On Sunday we didn’t have to travel very far, as we were fortunate enough to be located near Ypres, where the Ypres Salient happened, where we spent most of our day. We first went to Essex Farm, where hidden among the ranks of his fellow soldiers we found the grave of the youngest British soldier to die in the First World War (on the record) - V. J. Strudwick. He died on the 14th of January 1916, aged only 15 (meaning he must have enlisted for the war when he was 13 or 14 at the oldest). It was a harsh shock to realise that if I had been born just over a century earlier, that this could have been me.

The next cemetery we went to - Langemark Cemetery - was very different to all the prior ones we had been to, as it was the only German cemetery we visited. Unlike the other cemeteries, this one was shaded, and the tombs were made of a black stone, with each one holding a range of two to 16 soldiers. The graves were arranged in straight neat rows, where from every angle it looked like a battalion of people, united even in death. This is because they had to buy the land for the cemetery of the Belgian government unlike the other nations, so they had little money to build it with, especially after the Treaty of Versailles. It was a more sombre place and seemed like a place of mourning more than celebration of their life than the other cemeteries. It also had a mass grave in the middle of it, containing 40,000 bodies, something you didn’t find at the other cemeteries. It was a shaded cemetery too, as they planted acorn trees in it, symbolic of new life, as when acorns drop it could start a new tree.

Next, we visited the largest cemetery for Commonwealth forces in the world - Tyne Cot, at Passchendaele. It was a very large cemetery and featured a museum on site as well. Following this, we got back on the coach and drove to the In Flanders Field Museum. The Museum was a very interesting place to visit, and the designers were very creative with the way they laid it out, and the way that we could explore our own interests by scanning a bracelet. It featured a 3D map with moving projections on it that clearly showed the advancements and retreats of the forces in the battles, which was probably my favourite part of it.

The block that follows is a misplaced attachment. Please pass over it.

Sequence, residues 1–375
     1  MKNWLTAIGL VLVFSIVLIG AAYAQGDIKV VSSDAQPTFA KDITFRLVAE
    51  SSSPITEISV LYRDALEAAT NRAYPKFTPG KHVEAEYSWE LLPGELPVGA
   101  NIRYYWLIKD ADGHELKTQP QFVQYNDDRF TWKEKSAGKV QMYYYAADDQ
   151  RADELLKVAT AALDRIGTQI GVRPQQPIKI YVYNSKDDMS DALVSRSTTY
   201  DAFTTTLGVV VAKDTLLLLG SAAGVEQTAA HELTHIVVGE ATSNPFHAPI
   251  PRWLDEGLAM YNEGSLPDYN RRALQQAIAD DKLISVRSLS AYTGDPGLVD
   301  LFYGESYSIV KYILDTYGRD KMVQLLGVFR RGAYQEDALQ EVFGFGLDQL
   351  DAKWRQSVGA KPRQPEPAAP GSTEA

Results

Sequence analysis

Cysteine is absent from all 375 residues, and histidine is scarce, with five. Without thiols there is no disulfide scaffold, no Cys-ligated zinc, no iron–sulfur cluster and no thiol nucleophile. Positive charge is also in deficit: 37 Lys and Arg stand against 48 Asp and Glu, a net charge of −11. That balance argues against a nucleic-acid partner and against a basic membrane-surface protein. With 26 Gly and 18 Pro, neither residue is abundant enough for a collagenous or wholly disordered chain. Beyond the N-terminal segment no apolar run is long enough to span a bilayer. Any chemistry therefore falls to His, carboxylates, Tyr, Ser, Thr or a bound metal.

After this we went to my most memorable place of the trip, as it was the cemetery where I had a relative that I had died - Brandhoek Military Cemetery. My ancestor, Evan Charles Price was 23 when he died on the 19th of July 1916. We found his grave and I was able to spend some time there to think and get a photo next to it, as I was the first member of his family that went to visit him. I have never been more grateful for the sacrifice these people made than when I stood next to his grave, nor have I felt more contempt towards what happened in the First World War. One of my history teachers, Mr. Brown, who took me there to see him, was able to infer how he died, that it was probably at a Casualty Clearing Station, meaning he died of his injuries from fighting in the Battle of The Somme. Next, we went to see Poperinge and then the Death Cells. The Death Cells were where people were kept before they were shot by firing squad for things like repeated desertion or repeated falling asleep on duty.

After this we returned to the hotel to have our tea and some time for ourselves before then leaving again to attend The Last Post in Menin Gate, Ypres. Amazingly, I was given the opportunity to be part of this ceremony, carrying a wreath from our school to lay in remembrance of all the soldiers who died in WWI, along with three of my classmates. It was an incredibly moving ceremony and meant so much more to me in that moment after the experiences and understanding I had gained over the previous couple of days of the horror of WWI and the bravery and valour of the soldiers who fought there. Then we returned to the hotel once the ceremony had finished to go pack and get into bed.

On the last day we visited one final cemetery, the Dunkirk Memorial. It was much like the others we had visited except it had one Polish and Czech graves in it amongst all the Commonwealth Forces. This showed that everyone respected these men as much as the British forces. After this, we returned to the coach, drove back to Calais, had a smooth journey back across the Channel, and arrived back at school at approximately 19:30, meaning we could all be well rested for a refreshing day at school tomorrow!

All that is left for me to say is a huge thank you to:

Our bus driver Mark who got us to all these interesting sites and places

Our hosts at Hotel Pax, who kept us extremely comfortable, well fed, and happy

All of our teachers who gave up their weekend to make this trip possible, they are:

Mrs Rogers
Mrs Wittke
Mrs Embling
Mrs Pullen
Mr Brown

A special thank you must also be given to Mr Brown for helping me find my relative and giving me such useful insights into his death and how it came to be. It would not have been possible to do this trip without everyone on this list, so thank you on behalf of everyone who went, I’m sure we all had a great time!

By Reuben Landon